You also should never use the poweroff command on the laptop - it kills power to the Zero while it's still running. (That was a bit of a surprise the first time I did it - I hadn't thought things through.) That's bad for the SD card. So, I'll probably remove the poweroff binary, make a new shutdown replacement shellscript that can only do halts, and modify the shutdown command in the window manager. That should cover all cases.
I'll do the file munging later. For now I'll just have to be careful!
01/27/2017 at 17:25 •
I finally figured out configfs and got everything working on my Mini 510. I had to read several how-tos and the kernel documentation to understand it.
It just goes to show you can solve almost any problem with software!
I was able to mount the Zero in the drive bay by modifying the original hard drive carrier. I could have just stuck it down with foam tape, but this way I can remove the Zero by undoing one screw. Kind of handy if you need to change the SD card. Running the USB cable required only a bit of plastic trimming. I broke off part of the shell of one of the USB ports, stripped the cable end, and soldered it to the port. A blob of hot glue protects the connections. After the laptop was re-assembled I could hardly tell it was modified.
And there's enough room in the drive bay for any (small) project I'm working on!
01/27/2017 at 03:10 •
Using the composite gadget module the Zero is emulating a flash drive and an Ethernet device at the same time. Like usual, it was pretty easy because of other people's hard work documenting what they did.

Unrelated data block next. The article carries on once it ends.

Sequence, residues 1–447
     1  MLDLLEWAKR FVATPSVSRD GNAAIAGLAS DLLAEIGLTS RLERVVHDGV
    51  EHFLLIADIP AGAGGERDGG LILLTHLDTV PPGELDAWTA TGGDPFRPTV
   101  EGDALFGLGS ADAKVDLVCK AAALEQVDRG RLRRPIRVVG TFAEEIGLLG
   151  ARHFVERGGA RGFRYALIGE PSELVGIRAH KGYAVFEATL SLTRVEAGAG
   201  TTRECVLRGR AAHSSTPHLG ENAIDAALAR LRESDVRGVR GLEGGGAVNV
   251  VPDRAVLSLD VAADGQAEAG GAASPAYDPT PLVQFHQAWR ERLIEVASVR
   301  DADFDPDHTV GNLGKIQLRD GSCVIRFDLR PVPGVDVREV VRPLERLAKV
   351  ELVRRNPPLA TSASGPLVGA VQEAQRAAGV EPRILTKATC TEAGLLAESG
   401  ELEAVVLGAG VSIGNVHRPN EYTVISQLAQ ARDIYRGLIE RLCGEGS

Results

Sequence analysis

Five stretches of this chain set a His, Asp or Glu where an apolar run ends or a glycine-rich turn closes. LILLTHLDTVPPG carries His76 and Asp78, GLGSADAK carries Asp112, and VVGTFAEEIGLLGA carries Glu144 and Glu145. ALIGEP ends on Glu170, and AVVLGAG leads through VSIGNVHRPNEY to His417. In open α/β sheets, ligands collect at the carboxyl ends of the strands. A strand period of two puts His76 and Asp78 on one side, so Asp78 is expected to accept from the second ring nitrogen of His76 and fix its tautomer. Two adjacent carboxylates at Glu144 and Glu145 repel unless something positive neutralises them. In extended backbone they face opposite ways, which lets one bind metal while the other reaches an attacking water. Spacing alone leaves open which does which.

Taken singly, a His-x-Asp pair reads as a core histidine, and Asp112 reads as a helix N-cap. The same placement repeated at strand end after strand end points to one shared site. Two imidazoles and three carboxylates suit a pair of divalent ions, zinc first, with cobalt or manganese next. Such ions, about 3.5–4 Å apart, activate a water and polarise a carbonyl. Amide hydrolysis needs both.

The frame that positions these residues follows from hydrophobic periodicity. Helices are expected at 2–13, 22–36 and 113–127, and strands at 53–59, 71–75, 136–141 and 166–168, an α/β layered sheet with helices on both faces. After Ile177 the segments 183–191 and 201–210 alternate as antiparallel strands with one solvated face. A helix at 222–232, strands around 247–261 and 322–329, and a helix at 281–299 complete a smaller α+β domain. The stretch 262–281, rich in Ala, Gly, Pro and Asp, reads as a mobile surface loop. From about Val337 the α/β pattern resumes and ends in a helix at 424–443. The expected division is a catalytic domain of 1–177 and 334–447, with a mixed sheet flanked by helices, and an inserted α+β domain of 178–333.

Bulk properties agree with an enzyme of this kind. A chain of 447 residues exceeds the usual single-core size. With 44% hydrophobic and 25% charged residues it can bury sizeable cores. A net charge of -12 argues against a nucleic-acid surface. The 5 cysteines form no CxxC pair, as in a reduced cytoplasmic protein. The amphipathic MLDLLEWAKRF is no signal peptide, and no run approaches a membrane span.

The problem is it works and boots up Pixel_x86 on everything but my HP Mini 510. I think it's BIOS is somewhat broken - it's probably enumerating only the first function of the composite device (which isn't mass storage), then giving up.
That means I'm going to have to bite the bullet and learn how to use libcomposite and configfs. This should give me more control over enumeration order. I've been avoiding this since it looks complicated and easy to break. But I also need to learn it for some of my other projects, so off I go.
01/27/2017 at 03:02 •
I have gadget mode working as an Ethernet adapter. There are lots of good how-tos available for this which helped greatly. That's one of the perks of using a Raspberry Pi I guess.
Then I realized something interesting - gadget mode can emulate more than one device. So the Zero could be both an Ethernet gadget and a mass storage gadget. That would allow me to boot the laptop from the Zero, no USB flash drive needed. That's a bit of a bummer - I no longer get to use that cute little flash drive I just bought.
So things just got even simpler. At least hardware wise: software configuration will be more difficult.
01/27/2017 at 02:53 •
Well, that design didn't last long.
I bought a really tiny flash drive and loaded Pixel_x86 on it. It worked really well with the HP Mini. Pixel_x86 also has a persistent mode that stores changes to the USB drive if you boot from one, and works really well. So I decided the hard drive was redundant, and removed it to save weight. Thus, I was faced with a rather large cavity where the drive had been:
Then it hit me - why not put a Pi Zero there? I could run a cable inside the laptop from the Zero to one of the USB ports. I could then access the Pi via USB gadget mode, and everything would be internal and protected.
My objections (see previous log) to using gadget mode to access a Pi were nullified. So the portable WiFi Pi is no more. And the project just got a lot simpler and less expensive.